Francis Beckett

Today I'm sending copies of my Baby Boomers book to two old friends, both of whom I heard on Radio 4 this morning saying things about today's student demonstrations which I'd never have heard from them when we were all young.

Former New Statesman editor Peter Wilby defended tuition fees, and Ivor Gaber, Professor of Journalism at City University, who once occupied Warwick University and discovered the appalling truth about what corporate influence can do to a university, now feels obliged to defend it.

 

What they both seemed not to grasp was how much worse and less egalitarian a society we have created for our children than the one we grew up in. 

I'm not sure whether Peter would have gone to Sussex University all those years ago if he'd had to tie a mountain of debt round his neck.  I'm sure I wouldn't have gone to Keele.  Like most people who have never had much money, I'm terrified of debt.  It's only the rich who take debt in their stride.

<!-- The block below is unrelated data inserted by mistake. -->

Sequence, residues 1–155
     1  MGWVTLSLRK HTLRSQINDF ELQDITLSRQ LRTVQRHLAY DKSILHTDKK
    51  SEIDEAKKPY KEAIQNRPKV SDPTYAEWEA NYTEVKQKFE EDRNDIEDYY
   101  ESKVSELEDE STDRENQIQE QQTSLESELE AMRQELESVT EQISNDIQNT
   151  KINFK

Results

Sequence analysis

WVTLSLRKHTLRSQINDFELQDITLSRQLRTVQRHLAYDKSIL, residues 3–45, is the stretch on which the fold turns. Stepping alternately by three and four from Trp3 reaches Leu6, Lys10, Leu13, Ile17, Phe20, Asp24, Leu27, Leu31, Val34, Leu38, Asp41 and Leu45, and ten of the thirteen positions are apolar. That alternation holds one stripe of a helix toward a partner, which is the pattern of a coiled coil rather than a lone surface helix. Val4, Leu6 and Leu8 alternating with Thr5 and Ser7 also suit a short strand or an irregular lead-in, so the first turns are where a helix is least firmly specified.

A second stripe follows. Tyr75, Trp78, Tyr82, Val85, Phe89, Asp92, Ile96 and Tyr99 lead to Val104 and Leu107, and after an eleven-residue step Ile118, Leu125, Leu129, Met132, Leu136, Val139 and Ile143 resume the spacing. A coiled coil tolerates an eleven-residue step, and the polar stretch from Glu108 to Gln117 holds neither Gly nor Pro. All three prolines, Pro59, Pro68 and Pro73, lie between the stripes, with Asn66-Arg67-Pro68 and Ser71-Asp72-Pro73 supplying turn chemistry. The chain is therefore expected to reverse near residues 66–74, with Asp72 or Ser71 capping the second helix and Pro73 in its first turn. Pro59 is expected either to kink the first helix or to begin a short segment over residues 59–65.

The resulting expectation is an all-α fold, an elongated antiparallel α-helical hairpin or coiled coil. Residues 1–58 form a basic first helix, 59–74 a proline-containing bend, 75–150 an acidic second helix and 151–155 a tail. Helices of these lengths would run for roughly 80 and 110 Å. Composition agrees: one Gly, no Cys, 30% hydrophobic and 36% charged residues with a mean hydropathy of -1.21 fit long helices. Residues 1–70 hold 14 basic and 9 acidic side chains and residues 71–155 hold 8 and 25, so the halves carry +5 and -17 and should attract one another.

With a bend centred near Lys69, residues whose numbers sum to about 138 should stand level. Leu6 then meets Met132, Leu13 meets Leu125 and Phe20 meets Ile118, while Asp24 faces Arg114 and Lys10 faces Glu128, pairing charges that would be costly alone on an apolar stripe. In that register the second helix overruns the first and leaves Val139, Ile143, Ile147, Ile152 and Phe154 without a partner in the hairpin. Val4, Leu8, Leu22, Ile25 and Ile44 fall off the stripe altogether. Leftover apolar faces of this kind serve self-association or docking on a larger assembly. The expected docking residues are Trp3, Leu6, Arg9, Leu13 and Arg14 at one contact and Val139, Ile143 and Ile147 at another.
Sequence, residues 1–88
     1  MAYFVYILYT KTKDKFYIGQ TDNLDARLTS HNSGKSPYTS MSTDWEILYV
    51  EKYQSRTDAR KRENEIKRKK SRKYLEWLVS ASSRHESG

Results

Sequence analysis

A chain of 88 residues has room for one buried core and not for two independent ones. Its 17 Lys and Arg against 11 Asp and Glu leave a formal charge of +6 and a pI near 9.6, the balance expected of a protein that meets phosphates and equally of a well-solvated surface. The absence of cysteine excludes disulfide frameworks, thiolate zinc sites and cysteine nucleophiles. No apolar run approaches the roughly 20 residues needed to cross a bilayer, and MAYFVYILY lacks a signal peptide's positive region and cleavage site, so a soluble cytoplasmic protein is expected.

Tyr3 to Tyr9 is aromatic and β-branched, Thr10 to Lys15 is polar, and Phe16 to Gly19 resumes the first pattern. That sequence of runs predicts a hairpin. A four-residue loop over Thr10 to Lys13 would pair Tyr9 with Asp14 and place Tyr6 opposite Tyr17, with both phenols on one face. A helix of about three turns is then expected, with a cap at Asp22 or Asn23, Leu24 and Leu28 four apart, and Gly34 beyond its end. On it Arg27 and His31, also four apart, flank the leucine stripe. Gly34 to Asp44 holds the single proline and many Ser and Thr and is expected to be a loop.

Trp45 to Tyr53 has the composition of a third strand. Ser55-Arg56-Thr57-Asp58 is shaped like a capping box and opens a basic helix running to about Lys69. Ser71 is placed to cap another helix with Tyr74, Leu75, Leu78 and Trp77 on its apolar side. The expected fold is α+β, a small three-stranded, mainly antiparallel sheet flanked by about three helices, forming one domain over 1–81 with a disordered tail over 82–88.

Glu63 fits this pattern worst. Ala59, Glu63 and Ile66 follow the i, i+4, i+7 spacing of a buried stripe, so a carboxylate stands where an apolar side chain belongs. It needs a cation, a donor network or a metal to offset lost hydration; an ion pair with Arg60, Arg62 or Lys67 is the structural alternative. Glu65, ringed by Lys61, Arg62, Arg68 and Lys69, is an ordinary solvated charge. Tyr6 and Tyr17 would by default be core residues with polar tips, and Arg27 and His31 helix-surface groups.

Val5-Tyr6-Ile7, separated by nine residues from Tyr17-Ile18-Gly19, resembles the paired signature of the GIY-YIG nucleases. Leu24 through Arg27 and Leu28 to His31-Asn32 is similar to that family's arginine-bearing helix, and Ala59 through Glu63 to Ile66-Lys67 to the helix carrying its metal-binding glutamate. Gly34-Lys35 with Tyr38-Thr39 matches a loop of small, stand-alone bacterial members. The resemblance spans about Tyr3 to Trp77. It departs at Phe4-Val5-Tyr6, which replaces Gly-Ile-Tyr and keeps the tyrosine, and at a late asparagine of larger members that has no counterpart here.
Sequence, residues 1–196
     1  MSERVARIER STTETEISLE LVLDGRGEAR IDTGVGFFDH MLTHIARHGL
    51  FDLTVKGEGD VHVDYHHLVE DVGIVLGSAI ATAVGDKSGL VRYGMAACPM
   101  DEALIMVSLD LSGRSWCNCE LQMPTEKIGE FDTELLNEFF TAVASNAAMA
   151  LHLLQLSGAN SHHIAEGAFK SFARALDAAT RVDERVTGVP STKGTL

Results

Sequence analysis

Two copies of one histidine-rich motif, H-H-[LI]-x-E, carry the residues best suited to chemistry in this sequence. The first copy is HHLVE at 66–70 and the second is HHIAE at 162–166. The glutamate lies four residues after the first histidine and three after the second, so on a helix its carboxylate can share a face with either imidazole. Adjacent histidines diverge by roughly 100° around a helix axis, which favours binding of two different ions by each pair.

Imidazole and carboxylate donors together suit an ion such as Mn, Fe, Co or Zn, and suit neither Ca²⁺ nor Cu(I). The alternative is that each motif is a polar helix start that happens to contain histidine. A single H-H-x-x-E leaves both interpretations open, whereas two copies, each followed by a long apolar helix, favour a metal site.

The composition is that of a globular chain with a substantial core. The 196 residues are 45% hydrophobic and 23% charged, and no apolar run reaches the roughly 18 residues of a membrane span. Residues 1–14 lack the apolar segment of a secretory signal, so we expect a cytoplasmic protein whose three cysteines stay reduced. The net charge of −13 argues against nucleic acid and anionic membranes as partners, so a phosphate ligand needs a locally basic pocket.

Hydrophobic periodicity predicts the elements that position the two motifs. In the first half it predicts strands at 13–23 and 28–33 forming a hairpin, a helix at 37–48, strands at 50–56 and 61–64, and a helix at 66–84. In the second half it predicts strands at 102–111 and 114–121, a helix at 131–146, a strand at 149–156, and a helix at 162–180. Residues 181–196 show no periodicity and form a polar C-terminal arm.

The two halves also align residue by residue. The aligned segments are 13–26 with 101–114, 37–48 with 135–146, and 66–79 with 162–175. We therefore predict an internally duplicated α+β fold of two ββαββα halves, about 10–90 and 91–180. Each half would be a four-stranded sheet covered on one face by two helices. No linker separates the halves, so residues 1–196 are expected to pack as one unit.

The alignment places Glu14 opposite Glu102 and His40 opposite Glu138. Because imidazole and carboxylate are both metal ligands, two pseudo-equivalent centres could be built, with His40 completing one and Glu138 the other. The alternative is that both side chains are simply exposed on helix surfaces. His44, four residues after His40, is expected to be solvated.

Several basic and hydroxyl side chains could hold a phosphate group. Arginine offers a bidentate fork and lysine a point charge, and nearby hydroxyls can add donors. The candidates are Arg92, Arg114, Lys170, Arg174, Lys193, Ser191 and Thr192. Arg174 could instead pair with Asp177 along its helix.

And I'm not sure Ivor would have occupied at Warwick University if he'd been paying tuition fees - let alone the fabulous sums you now have to pay to get an MA in Journalism at City University. He, and I, and Peter would probably have had our heads in our books, protecting our investment.

Which makes it all the more remarkable that today's students, who do have to amass a mountain of debt, are prepared to take the time and the risk involved in running occupations, and painting slogans, and painting Prince Charles's car.  (I'm not impressed by the manufactured outrage over this. When I was the NUS press officer in the seventies, I heard the same manufactured outrage when the queen visited Sitling University and some students failed to behave wirh what newspapers considered to be the prioper respect.)

No: I stick to what I wrote in the book:

"The baby boomers used up the economic good times, when there was work for everyone.  We used up the educational good times, when free education extended to universities, and we, unlike our children, did not have to amass a mountain of debt in order to go to university.  We used up the time when education was seen as a good in itself, rather than the acquisition of the skills required to swell someone else’s profits; as I write, the government’s higher education department has just been abolished, and its responsibilities placed under the department dealing with business and industry, a pretty good indication of what ministers now think education is for."